Hungarian I do not know, or at least not more than a handful of words and the barest understanding that its structure, much less its vocabulary, is alien to me, yet that alien quality allows me to wander and wonder. Words used to be incomprehensible to me in any language, then I mostly taught myself how to read English and then Spanish and then the other languages, yet there are no common roots and very few borrowed terms in Magyar. It has acute accents and umlauts in strange places, enough to spark curiosity. Does the prince (presumably, "a kis herceg," since that is the title of the Hungarian translation and that term appears frequently there) still have that winsome wistfulness in an agglutinative language? Just viewing it made me focus harder on what the text was saying in the other languages and I think I learned a few new words in that tongue.
Yet the value I take from The Little Prince is not limited to linguistic study; that is only the tip of the semantic iceberg. Rather, there are close associations I have with this story. I remember reading it and thinking of a woman I knew, one who at first I thought could be a lover and who ended up being one of my two best friends during a dark and troublesome time in my life nearly a decade ago. I gave her a copy of this book one Christmas (I can't recall if it was 2001 or 2002, but I want to say 2001), because I worried that she was becoming too much like the adults in the story, after "serious" matters. I never have asked her if she read the book; perhaps I should at some point.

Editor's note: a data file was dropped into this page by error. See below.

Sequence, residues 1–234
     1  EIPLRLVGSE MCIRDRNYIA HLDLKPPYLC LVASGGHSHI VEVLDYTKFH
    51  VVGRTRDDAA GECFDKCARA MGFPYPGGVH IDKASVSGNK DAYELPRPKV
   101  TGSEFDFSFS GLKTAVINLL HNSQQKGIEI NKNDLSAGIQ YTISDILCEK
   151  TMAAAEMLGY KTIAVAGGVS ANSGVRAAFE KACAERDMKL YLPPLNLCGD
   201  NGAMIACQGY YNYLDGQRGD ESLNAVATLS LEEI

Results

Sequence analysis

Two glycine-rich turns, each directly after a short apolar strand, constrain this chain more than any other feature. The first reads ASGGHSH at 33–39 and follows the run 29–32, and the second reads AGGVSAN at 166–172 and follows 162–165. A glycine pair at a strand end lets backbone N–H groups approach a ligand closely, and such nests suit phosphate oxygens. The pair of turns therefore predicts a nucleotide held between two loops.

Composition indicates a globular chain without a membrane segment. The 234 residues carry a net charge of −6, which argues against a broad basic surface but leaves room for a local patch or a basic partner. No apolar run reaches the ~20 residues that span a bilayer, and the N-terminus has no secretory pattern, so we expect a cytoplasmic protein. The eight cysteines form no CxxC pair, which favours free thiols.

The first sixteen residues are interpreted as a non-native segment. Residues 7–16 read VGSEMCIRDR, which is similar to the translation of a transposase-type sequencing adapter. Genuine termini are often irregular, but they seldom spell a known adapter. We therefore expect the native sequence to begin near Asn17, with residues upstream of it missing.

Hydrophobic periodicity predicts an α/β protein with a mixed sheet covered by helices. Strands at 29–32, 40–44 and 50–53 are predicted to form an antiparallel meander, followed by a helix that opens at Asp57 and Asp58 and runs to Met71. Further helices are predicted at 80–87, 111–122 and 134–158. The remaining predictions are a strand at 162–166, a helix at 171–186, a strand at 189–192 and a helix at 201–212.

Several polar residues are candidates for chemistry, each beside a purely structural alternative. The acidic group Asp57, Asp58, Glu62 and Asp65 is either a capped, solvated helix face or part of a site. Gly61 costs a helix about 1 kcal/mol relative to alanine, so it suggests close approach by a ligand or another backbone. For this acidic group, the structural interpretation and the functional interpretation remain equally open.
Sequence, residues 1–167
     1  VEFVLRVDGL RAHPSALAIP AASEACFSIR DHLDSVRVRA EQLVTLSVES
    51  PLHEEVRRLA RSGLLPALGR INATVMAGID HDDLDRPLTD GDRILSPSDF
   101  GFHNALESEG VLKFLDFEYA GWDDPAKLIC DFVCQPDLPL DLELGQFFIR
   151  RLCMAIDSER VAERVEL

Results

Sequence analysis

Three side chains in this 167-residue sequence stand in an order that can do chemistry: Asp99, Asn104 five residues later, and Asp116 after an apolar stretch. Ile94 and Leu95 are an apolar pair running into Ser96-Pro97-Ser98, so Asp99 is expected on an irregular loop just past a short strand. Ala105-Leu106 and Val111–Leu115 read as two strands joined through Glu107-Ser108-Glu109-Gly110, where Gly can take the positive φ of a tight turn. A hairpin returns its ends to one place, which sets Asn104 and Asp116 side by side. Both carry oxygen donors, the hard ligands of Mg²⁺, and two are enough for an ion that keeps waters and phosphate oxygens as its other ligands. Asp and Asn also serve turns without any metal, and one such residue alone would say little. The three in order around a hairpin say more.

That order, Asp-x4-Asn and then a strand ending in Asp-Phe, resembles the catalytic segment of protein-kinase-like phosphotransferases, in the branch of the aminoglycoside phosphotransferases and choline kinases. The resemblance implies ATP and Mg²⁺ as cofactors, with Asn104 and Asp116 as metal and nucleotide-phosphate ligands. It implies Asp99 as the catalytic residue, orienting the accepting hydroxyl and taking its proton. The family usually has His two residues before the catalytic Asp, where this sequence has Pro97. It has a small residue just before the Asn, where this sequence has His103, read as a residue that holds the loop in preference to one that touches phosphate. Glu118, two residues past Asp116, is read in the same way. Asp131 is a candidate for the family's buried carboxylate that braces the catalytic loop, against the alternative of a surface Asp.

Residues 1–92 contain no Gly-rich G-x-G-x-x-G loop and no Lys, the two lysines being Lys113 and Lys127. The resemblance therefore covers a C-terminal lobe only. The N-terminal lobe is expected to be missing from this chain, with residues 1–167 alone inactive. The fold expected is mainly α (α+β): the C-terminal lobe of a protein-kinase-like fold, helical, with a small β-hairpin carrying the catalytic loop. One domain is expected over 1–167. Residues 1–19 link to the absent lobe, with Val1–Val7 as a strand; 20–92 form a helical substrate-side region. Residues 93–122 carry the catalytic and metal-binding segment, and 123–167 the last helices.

With another, I think of the fox. That scene keeps resonating with me, changing slightly each time. There are, of course, seven billion people in this world (or over three billion more than when I was born in 1974). But how many of us put forth the effort to "tame" another, to make that person special in our lives because of the time we've "lost" to them? The lesson the little prince learns from the fox, that it is okay to, as the Italian translation says:
É amerò il rumore del vento nel grano...
Not to mention that it is best that we see with our hearts, as the essential is invisible to the eyes. What do we value most in this world? Material possessions? There are people who would love to have my book collection, all 1800 books or so, yet the books are not the most valuable things I own. I own (and am owned by) several friendships with people across the world. I have come to value more a few handwritten letters and gifted books than any books that might be worth $500 or more today which sit on my bookshelves. There is something valuable about suffering along with someone and not having to allude to it at all afterward. As the little prince says:
"Water can also be good for the heart..."
So can people thinking and rethinking little words written almost seventy years ago. The essential may be invisible to our eyes, but if our hearts are receptive, perhaps each time we think of a Le Petit Prince or a close friend with whom we've fallen out of touch recently, there might be something there that rekindles that spark which life's struggles threaten to snuff out.